“We have to dispassionately analysis what’s right and what’s wrong with the current state of multilateralism. We have to understand the thesis behind it, the emerging anti-thesis, which has eroded the virtues of multilateralism and then to arrive at a synthesis.”
“While the weakening of the multilateral system primarily lies on the United States and the European countries, it is also true that it is now in the interest of the west to once again strengthen the multilateralism. That is primarily because of changes in the power structure from the west to the east.”
According to Lydia Kulik, Head of India Studies at the Moscow School of Management, “Russia strongly believes in the concept of multilateralism. The current situation as a result of the Covid-19 pandemic shows us that there is no alternative to address the current scale of problems faced by the world without adhering to the principles and norms of the multilateral system.”
“Ensuring the stability in the Eurasian region is another priority for Russia. This can be done through the betterment of trilateral relations between Russia, India and China.” In this context, she recalled the resolution of border disputes between Russia and China and also talked about the partnership that Russia and India are developing for the development of Russia’s Far East region.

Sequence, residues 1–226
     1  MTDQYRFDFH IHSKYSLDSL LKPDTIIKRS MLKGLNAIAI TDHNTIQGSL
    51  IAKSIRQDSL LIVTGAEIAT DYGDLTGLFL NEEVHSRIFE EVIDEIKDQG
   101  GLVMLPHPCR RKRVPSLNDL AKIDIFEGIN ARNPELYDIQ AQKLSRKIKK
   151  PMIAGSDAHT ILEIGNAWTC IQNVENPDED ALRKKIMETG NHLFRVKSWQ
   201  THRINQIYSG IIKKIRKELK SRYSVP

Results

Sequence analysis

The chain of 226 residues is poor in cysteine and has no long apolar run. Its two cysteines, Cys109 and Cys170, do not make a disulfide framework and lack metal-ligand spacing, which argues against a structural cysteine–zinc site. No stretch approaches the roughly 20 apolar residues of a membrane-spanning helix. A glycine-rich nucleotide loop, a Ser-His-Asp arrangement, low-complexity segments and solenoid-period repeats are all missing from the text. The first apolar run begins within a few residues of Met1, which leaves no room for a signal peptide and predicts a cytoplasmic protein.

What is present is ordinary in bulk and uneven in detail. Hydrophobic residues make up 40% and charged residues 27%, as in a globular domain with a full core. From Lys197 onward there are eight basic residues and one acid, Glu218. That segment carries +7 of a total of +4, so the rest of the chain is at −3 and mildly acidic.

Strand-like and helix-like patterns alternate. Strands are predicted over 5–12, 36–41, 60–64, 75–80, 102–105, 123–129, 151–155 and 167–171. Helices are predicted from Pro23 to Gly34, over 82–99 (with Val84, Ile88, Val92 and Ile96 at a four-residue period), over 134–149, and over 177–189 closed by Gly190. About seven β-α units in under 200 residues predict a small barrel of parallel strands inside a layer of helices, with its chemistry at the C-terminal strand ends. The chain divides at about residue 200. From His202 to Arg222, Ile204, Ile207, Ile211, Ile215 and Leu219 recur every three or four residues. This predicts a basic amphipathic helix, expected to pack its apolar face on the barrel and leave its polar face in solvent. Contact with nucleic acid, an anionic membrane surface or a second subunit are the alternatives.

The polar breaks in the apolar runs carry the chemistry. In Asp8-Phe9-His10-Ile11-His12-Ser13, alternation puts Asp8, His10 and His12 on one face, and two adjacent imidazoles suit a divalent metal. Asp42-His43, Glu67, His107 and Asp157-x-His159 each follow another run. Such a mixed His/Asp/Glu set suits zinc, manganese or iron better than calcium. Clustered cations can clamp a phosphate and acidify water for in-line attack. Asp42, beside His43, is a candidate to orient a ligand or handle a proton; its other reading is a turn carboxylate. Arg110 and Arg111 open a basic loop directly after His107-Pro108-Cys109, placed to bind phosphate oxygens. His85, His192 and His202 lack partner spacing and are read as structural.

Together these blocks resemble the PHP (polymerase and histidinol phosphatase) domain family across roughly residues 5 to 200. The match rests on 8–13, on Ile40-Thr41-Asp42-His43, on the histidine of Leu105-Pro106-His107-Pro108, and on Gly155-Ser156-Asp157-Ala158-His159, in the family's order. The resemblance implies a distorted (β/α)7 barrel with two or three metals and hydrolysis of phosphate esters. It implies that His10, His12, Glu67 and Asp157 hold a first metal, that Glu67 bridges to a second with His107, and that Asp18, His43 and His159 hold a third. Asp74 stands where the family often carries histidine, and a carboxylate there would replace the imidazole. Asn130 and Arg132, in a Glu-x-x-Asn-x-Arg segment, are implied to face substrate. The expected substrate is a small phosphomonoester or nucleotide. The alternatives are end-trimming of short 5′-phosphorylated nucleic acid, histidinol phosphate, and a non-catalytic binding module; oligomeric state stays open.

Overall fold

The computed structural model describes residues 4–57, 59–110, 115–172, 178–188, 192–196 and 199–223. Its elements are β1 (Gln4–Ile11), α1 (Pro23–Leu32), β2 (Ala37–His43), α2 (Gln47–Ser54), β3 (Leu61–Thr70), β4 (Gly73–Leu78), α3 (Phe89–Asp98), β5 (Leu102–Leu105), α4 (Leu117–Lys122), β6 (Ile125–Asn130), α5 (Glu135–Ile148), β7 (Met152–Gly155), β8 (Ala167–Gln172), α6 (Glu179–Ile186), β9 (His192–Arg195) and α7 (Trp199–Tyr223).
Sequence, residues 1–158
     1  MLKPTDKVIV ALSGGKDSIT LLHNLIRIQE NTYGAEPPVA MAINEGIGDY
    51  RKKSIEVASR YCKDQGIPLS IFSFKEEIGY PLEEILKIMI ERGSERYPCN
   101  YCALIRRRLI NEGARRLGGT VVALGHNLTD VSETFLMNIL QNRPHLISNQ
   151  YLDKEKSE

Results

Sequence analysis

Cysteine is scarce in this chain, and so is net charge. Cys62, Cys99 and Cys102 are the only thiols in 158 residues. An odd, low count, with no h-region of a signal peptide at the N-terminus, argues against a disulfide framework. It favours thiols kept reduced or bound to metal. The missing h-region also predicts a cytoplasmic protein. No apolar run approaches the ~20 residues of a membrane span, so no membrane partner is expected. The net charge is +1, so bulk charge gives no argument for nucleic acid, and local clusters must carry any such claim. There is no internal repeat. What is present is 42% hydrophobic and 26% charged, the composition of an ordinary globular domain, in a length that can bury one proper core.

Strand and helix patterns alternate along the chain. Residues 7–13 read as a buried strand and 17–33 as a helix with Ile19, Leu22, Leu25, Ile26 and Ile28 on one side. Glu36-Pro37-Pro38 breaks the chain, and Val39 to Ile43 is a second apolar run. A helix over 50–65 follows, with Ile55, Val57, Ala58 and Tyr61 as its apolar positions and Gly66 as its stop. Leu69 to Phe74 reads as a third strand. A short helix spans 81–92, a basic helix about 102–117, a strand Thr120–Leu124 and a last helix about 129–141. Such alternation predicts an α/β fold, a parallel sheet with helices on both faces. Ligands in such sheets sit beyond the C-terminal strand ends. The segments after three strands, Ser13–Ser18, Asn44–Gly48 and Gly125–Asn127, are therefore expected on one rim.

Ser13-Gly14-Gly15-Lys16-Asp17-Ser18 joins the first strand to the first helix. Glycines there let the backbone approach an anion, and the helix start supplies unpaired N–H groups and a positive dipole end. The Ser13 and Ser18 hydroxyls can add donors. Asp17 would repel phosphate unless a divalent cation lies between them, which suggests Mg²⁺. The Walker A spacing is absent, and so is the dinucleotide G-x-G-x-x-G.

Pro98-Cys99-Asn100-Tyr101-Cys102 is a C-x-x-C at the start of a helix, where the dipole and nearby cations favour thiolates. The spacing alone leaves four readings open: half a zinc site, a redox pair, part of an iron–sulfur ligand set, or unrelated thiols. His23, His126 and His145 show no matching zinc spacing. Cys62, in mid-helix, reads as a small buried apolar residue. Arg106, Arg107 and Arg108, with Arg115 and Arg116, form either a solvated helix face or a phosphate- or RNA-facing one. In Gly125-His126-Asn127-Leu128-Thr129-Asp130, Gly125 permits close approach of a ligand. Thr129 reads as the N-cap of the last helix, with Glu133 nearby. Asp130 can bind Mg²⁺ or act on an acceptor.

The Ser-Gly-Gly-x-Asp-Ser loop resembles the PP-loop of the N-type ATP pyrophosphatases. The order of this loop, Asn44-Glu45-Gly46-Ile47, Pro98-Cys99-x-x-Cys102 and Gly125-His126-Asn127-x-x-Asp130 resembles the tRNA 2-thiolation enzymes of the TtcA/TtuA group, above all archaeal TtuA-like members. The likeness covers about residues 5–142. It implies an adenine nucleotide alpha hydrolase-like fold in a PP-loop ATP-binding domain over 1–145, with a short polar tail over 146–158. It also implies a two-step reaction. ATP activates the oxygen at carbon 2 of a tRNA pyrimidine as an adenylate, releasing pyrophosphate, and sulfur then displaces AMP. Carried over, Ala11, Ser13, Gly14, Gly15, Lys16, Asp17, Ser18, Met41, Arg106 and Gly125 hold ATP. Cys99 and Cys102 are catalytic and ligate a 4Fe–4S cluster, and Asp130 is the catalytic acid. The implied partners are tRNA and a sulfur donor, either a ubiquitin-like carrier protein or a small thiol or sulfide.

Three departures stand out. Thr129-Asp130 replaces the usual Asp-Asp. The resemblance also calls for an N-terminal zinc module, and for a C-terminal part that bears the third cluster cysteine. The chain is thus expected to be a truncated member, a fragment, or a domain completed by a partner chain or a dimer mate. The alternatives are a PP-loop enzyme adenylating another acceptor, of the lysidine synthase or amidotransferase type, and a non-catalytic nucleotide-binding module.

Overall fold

She added that the Brazil-Russia-India-China-South Africa initiative is another priority for Russia. She underlined the importance of the New Development Bank for enhancing infrastructure connectivity in these countries and with their neighbours.
Speaking on the occasion, Asoke Mukerji, former Ambassador of India to the United Nations, said: “Multilateralism is not only a preferred structure of international cooperation, for countries like India it is non-negotiable as it is about ensuring equity. A time has come to revitalise multilateralism through the application of a multi-stakeholder approach. We need to think about how we bring in stakeholders other than the governments.”